Apple’s Objections to €50 Million Fine Over App Store Dominance Rejected by Regulator

These fines were issued due to Apple's failure to comply with orders aimed at reducing the dominant position of its App Store.

The Dutch competition watchdog, ACM, announced on Monday that it had dismissed Apple’s objections to fines totaling 50 million euros ($53 million) imposed on the tech giant.

These fines were issued due to Apple’s failure to comply with orders aimed at reducing the dominant position of its App Store.

According to the ACM, Apple had mostly complied with its directives to allow alternative payment methods for dating apps in the Netherlands.

However, there was an undisclosed third element of the conditions related to the fines that Apple had not met.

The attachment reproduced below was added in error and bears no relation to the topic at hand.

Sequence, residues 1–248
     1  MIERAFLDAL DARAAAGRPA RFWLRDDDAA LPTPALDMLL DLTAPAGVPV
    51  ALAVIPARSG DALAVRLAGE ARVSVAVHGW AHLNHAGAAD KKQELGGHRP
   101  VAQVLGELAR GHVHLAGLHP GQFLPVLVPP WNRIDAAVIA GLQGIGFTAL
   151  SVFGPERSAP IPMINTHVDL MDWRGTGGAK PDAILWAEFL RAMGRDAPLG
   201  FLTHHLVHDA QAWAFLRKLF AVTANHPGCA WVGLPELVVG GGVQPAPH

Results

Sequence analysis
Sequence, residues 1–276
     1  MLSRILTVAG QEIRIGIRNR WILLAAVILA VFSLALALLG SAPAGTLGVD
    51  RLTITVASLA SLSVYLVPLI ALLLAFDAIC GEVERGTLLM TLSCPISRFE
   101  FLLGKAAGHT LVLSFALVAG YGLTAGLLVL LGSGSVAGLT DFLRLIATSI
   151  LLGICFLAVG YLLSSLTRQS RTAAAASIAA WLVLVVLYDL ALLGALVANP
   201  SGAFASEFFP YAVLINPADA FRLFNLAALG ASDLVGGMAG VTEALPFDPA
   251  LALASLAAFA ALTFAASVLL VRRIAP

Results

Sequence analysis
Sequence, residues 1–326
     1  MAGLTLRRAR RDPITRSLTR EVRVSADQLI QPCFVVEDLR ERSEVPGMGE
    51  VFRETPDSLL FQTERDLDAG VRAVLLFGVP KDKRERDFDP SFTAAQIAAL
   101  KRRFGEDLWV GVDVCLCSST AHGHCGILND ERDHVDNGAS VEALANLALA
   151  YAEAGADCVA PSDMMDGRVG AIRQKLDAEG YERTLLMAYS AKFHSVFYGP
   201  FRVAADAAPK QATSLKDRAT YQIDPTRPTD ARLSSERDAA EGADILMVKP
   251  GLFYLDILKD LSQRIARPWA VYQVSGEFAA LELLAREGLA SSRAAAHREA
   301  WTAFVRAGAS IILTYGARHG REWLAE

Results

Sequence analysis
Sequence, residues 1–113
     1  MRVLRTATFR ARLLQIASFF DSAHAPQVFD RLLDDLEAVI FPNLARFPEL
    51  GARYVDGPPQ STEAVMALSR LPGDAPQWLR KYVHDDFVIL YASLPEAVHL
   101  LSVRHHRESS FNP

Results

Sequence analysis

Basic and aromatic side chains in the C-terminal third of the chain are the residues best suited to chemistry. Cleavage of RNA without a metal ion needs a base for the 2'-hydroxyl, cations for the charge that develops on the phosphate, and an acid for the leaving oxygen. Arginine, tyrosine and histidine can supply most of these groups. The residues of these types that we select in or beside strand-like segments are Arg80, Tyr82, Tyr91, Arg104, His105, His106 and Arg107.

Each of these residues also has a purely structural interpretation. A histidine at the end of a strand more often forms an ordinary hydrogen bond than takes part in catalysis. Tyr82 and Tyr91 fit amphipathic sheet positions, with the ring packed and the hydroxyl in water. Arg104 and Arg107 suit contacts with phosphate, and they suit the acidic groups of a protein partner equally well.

In 2021, the ACM had determined that Apple had violated Dutch competition laws in the dating app market. As a remedy, Apple was instructed to permit dating app developers to utilize third-party payment processors.

The ACM imposed fines of 5 million euros per week, which eventually reached a total of 50 million euros during the period when Apple failed to adhere to the orders.

Apple contested these fines, asserting that the regulator had inaccurately defined the relevant markets and had exaggerated Apple’s dominance in the dating app sector.

The regulator, in a decision dated July 13, 2023, and made public on Monday, rejected all of Apple’s objections.

In response, Apple expressed its disagreement with the ACM’s initial order, claiming that it undermines investment incentives and is not in the best interests of user privacy or data security.

Apple further announced its intention to appeal the decision to the Netherlands courts.

The ACM has indicated that if it prevails in court, it will disclose the still-undisclosed portion of the proceedings to which Apple had objected.

This ongoing legal dispute highlights the growing scrutiny and regulatory challenges that major tech companies like Apple face in various jurisdictions as they navigate issues related to market dominance and competition.

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